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Our home town, the medieval and historic walled city of Asti, which lends it's name to some of the regions finest wines, is a delightful attractive and friendly town with lively outdoor markets, a wonderful selection of shops, museums and impressive old churches.

Every second weekend in September Asti holds the Festival della Sagre, a regional harvest and food fair with a parade depicting traditional farm activities and marks the start of the "Douja D'Or" a weeklong wine tasting festival, and culminates on the third weekend with a medieval pageant through the old walled city and the famous "Palio d’Asti", a bareback horse race around the central Piazza. Although there are other Palios in Italy, Asti's event is the oldest recorded one.

Thirty kilometres south lies Asti's rival city, Alba, another old city with roots going back to Roman times, and as well as being the nearest city for the famous "Barolo" and "Barbaresco" wine-areas, Alba is an important town for the chocolate industry with factories of Rocher and Ferrero (who make "Nutella"). Alba is also internationally famous for “Tartuffi Bianchi” (white truffles) and has a weekend market in October attracting many tourists. However all truffles are found all over the region and almost every town in the Monferrato holds a "tartuffi' festival in autumn. In fact the later in the year the better the truffles get.

Acqui Terme, is another Roman town, and given its natural hot springs, it must have been a favourite for weary legionnaires. The town has two natural "terme" or spa facilities, a huge outdoor swimming pool, a very smart shopping street, and exudes the relaxed feeling of a spa town

The Langhe, Roero and Monferrato regions are sprinkled with hilltop villages each with its own castle, a reminder of the days when Piedmont was the direct route of armies marching between Italy and France, a tradition which started with Hannibal, included Napoleon (his first great victory at Marengo is outside Allesandria) and only ceased with Italian unification under the House of Savoy. Each town has its own beautifully decorated church, and boasts an "enoteca" (wine store) and at least one excellent restaurant. Some towns to visit include Agliano Terme (another spa), Nizza Monferatto (an important market town) Costigliole D'Asti, Moncalvo, Mango, Cocconato, Gavi and many others. Each town holds its own Sagre festival featuring local wine or local delicacy, and there is nearly always a festival somewhere every weekend.

A few hours drive from Asti to the south on the spectacular autostrada through the Apennine Mountains brings you to Genoa and the Liguria region, a long arc of land nestled between the mountains and the sea. Genoa is a historic seaport, once an important and rich republic the rival to Venice for influence in the Mediterranean, and the birthplace of Christopher Columbus. This city, still the biggest seaport in Italy is a fascinating mixture of new Genoa with its wide boulevards and smart buildings and old Genoa, a maze of small streets and alleys, the largest old town center left in Italy, with a real sense of living history.The Ligurian Riviera comprises of two sections, west of Genoa is a string of beach resorts such as Allassio and San Remo, running all the way to the French border and beyond to Monte Carlo and the French Riviera. East of Genoa are more rugged, fishing villages with cliffs dropping into the ocean and famous resorts such as Santa Margherita and Portofino and the world-famous Cinque Terre villages. Drive inland from the beaches and in 20 minutes you are in hillsides with olive groves, vines and old villages looking as if time stopped still.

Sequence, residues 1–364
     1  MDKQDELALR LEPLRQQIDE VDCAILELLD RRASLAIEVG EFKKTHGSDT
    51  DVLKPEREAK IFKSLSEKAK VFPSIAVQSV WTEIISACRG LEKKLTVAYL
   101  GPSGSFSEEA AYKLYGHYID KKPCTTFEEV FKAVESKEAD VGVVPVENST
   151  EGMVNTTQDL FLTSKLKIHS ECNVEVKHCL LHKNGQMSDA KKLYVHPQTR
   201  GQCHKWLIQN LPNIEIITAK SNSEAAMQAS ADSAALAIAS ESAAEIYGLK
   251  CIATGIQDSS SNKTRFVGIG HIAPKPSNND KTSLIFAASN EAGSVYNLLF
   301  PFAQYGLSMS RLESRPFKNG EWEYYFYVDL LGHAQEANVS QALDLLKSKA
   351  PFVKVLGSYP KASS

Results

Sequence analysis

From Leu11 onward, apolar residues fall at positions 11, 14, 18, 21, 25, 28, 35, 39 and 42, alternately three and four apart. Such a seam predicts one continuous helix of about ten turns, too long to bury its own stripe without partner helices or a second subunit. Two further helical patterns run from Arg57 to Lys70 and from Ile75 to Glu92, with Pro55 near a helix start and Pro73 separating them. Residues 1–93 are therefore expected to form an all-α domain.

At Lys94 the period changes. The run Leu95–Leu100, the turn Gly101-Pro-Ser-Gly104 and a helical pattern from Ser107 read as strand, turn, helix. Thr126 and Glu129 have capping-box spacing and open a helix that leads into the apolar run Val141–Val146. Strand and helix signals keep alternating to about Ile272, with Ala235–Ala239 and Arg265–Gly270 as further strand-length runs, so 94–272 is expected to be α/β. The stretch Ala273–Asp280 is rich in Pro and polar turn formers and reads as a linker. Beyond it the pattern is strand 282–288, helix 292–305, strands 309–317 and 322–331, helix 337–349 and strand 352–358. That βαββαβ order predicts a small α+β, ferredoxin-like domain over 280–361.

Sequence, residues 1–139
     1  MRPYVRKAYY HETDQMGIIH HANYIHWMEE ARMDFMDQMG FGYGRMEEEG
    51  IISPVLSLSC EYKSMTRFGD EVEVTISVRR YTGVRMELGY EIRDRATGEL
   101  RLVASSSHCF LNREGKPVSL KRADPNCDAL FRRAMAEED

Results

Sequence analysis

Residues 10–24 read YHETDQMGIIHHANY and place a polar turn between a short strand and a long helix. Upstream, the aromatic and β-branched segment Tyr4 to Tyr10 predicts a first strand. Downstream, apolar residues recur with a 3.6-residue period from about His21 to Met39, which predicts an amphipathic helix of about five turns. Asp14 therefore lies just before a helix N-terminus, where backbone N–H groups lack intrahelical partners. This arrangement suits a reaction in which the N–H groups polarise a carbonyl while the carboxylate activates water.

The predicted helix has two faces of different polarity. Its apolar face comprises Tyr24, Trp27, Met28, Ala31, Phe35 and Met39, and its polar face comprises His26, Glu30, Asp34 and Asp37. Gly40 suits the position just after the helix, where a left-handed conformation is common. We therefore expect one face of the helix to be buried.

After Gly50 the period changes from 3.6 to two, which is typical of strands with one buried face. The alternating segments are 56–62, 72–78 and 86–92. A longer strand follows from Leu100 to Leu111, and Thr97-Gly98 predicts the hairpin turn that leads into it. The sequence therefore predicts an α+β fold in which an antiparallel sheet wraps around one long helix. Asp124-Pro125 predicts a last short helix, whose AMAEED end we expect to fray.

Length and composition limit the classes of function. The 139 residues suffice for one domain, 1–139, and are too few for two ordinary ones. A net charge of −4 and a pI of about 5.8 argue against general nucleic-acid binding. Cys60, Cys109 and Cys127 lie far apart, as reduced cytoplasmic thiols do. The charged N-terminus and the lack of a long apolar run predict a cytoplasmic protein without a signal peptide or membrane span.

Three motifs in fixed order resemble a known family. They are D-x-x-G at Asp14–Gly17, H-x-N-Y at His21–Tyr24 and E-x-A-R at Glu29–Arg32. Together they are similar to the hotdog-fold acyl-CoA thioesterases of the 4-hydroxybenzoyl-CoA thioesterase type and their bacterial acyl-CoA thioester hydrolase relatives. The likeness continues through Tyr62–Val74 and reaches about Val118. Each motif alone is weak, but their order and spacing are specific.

Drive North from Asti through Allesandria and the rice paddies of the River Po plains, and in an hour you are in the Val D'Aosta, Italy's smallest and most alpine province, it feels like Switzerland. The Aosta valley has been a natural passage through the Alps since Roman times, land marked by historical castles and now it's the on the road leading to the Monte Bianco (Mont Blanc) tunnel with France. Don't miss Lago Maggiore to the east of Aosta, with the gorgeous Isola Bella, an entire island landscaped into a baroque garden adjoining its huge palazzo.

Turin, our nearest big city, combines a modern city known for its auto and film industries with the grace of the former seat of the Royal House of Savoy, who became the Royal family of Italy after the countries' unification in the 19th century.Turin is a charming city with baroque architecture, wonderful piazzas and coffee shops, spacious streets lined with porticos, and with the Alps as a backdrop. There are excellent galleries and museums (including the second largest Egyptian museum in the world, the auto museum of course and a magnificent cinema museum), many palaces and of course the famous and controversial "Shroud of Turin" kept in the Duomo. In our opinion it's a wonderful place to visit, all the better that it doesn't attract as many tourists as Rome, Venice or Florence

And for those with fashion on their minds, we are an hour from Milan, with its designer boutiques as well as a gorgeous Duomo Cathedral, the incredible castle, Da Vinci’s Last Supper mural and the stupendous art gallery.

Ah so many places to see, please don't rush!


Site Design by Erin Brewer

(Click to enlarge photos)
Palio Parade
il Palio D'Asti
Casteliglione Tinella
San Stefano Belbo
Porto Fino (Liguria)
Isola Bella (Lago Maggiore)
Acqui Terme
Abbazia Vezzolano